Vietnam’s long lockdown this year was a catastrophe for the national economy, and for all the local and foreign-owned businesses that used to applaud the country’s successful COVID-19 fight in 2020. The government’s Central Economic Commission said that Vietnam had already suffered an estimated economic loss of $37 billion, according to a report from VnExpress. This could pull the country’s expected economic growth down to 2.5% this year as the new Omicron variant starts to unleash global economic turmoil.
While Vietnam has yet to confirm any Omicron-related infections, given its cautious reopening to fully-vaccinated travelers from selected countries, the risk of Omicron surfacing in the country is “very high,” according to the Ministry of Health. The ministry this week sent out letters to all 63 cities and provinces advising local governments to stay alert, strengthen prevention and control measures and speed up vaccination for everyone from age 12 on.
But with the Omicron variant having been detected in Thailand, anxiety is building: Will Vietnam go into another lockdown? Will businesses survive a possible new virus wave? Will the economy take a further downturn?
Vietcetera spoke with Filippo Bortoletti, senior manager of the international business advisory with Dezan Shira & Associates, a pan-Asia business consulting firm, to better understand the immediate and long-term implications should Omicron enter Vietnam’s borders and push the country into another phase of economic uncertainty.
Vietnam was relatively spared from the COVID-19 pandemic last year. But 2021 is different. Vietnam was forced to go into full lockdown for four months and stopped nearly all economic activities in major cities. What’s the real impact of the lockdown to Vietnam?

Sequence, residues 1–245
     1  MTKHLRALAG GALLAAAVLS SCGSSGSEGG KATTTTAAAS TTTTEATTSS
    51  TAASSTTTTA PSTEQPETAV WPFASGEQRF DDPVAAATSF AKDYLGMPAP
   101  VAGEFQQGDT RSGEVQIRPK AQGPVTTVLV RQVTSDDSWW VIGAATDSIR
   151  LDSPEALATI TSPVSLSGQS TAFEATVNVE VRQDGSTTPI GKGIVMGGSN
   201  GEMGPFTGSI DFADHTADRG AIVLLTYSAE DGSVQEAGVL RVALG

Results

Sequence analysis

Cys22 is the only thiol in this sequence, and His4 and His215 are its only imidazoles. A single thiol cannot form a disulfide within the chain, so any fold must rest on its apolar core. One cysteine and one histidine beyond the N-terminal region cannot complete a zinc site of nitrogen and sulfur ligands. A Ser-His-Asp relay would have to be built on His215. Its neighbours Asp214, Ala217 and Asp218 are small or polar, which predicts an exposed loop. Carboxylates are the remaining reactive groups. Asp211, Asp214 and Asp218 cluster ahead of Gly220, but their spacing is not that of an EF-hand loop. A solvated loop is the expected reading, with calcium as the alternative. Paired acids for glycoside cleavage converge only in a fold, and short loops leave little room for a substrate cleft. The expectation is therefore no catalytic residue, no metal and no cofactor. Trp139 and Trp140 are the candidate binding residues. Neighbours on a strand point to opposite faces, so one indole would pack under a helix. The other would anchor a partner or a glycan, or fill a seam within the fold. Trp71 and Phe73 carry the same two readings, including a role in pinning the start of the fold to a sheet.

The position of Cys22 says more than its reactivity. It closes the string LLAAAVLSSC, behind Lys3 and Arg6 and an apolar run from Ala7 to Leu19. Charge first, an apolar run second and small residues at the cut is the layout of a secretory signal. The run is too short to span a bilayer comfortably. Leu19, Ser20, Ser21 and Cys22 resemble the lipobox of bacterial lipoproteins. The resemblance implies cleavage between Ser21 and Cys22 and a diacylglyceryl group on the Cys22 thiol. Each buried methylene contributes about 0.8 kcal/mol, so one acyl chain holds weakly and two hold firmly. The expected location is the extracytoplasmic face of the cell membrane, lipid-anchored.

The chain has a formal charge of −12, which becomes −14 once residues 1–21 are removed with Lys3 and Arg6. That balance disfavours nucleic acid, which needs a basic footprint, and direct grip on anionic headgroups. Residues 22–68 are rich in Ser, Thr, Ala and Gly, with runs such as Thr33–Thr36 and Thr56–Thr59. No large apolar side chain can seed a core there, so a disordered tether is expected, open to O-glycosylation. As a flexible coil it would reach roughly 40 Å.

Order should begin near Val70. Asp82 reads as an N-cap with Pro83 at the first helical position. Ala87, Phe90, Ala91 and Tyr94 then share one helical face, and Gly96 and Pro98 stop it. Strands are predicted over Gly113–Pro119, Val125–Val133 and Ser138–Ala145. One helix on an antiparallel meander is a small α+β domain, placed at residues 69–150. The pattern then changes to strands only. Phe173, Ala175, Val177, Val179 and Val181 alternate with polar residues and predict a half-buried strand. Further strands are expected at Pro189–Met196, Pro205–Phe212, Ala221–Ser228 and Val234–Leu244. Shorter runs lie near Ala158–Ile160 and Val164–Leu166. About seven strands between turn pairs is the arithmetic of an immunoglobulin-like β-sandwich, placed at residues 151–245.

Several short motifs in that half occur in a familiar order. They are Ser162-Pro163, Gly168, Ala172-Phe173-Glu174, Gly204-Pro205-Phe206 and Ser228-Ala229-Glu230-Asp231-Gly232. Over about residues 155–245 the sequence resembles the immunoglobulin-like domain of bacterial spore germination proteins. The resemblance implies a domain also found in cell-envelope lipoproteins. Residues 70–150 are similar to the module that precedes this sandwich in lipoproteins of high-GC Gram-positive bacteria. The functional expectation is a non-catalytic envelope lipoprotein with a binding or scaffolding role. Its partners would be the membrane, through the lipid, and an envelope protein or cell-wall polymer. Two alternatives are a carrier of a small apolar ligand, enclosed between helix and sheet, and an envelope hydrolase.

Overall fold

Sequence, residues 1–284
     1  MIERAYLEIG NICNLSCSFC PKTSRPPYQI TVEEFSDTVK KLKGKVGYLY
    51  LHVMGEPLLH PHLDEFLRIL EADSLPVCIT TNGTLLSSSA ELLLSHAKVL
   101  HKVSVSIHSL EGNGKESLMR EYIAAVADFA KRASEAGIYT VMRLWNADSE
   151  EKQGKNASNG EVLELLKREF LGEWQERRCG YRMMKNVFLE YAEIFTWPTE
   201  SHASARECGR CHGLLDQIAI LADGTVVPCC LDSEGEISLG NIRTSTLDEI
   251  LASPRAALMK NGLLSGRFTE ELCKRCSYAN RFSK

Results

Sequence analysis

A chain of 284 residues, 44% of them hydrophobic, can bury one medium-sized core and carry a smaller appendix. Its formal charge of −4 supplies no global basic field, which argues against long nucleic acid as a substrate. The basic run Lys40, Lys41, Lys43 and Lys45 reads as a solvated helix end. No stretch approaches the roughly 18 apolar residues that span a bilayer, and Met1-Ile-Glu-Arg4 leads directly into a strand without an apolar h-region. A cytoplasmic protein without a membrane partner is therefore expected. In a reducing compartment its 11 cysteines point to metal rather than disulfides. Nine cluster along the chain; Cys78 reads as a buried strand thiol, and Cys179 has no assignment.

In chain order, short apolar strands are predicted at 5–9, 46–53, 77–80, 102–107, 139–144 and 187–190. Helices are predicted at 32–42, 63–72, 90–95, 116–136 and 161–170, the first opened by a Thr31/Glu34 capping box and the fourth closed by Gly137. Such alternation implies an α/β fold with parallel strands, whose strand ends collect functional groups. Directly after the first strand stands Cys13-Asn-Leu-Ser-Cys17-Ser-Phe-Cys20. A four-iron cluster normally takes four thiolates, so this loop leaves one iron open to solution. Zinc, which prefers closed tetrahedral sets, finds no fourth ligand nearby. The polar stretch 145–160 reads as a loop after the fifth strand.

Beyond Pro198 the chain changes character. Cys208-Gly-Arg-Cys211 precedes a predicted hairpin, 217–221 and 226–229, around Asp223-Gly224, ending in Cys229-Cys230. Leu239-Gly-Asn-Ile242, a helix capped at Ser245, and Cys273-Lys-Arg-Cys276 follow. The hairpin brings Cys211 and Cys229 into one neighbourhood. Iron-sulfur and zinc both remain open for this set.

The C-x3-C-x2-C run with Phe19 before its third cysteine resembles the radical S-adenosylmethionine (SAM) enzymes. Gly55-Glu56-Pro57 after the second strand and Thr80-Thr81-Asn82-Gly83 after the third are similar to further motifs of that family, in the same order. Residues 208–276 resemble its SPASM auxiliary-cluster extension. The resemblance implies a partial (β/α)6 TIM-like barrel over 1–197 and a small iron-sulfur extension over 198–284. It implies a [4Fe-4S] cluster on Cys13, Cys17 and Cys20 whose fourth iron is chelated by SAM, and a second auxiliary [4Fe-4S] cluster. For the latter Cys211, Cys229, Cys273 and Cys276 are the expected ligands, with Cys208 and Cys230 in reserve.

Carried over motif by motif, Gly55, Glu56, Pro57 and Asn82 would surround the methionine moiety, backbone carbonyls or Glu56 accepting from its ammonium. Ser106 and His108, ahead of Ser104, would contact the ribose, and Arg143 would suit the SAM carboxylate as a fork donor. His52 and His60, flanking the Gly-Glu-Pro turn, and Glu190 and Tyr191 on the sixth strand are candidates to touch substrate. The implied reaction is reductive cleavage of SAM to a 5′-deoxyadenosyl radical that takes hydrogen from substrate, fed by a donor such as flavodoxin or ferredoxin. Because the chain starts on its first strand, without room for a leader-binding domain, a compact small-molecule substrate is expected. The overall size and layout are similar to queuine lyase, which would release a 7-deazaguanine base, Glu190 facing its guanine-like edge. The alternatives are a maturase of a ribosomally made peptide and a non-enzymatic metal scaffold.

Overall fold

Surely the lockdown had a major impact in Vietnam. If we look at the local manufacturing, companies struggled dealing with local logistics due to substantial differences in requirements for transitioning goods within different areas of Vietnam. Apart from that, manufacturers had to implement appropriate safety and containment measures to continue producing. Such a complex environment heavily impacted the local industry, which struggled keeping up the production. Consequently, foreign customers withdrew their purchase orders, rerouting them into other countries that at that time were having an easier time than Vietnam in dealing with the COVID-19 emergency.
Overall, the lockdowns have an impact over the perception that foreign players have on Vietnam and its ability to effectively deal with the pandemic. In 2020, the government successfully isolated Vietnam and managed to limit the spread of the virus. But in 2021, the fourth COVID-19 outbreak was beyond the control of the local authorities and a very strict lockdown was enforced for months. From that time, Vietnam took huge steps forward in fighting the virus and successfully kickstarted a rapid vaccination campaign, which contributed to increase the reputation of the country after the lockdown. With this in mind, surely the lockdown had a negative effect on the local industry and also on people's lives but was an absolutely necessary action to stabilize and then bounce back.
How did the lockdown affect foreign investors’ perception of Vietnam as a thriving economy?
Surely the long lockdown had a negative impact on Vietnam’s reputation with foreign investors. Especially because of its duration. In general, Vietnam was, and it is still perceived as an appealing country and market for foreign investors. The lockdown has only temporarily hampered the inflow of investment in the country. From my privileged position as international business advisory, I can safely say that Vietnam is still an appealing investment destination.
Now that the Omicron variant is threatening to hamper global efforts to put an end to the pandemic, does this also bring new fears of another lockdown among businesses and investors?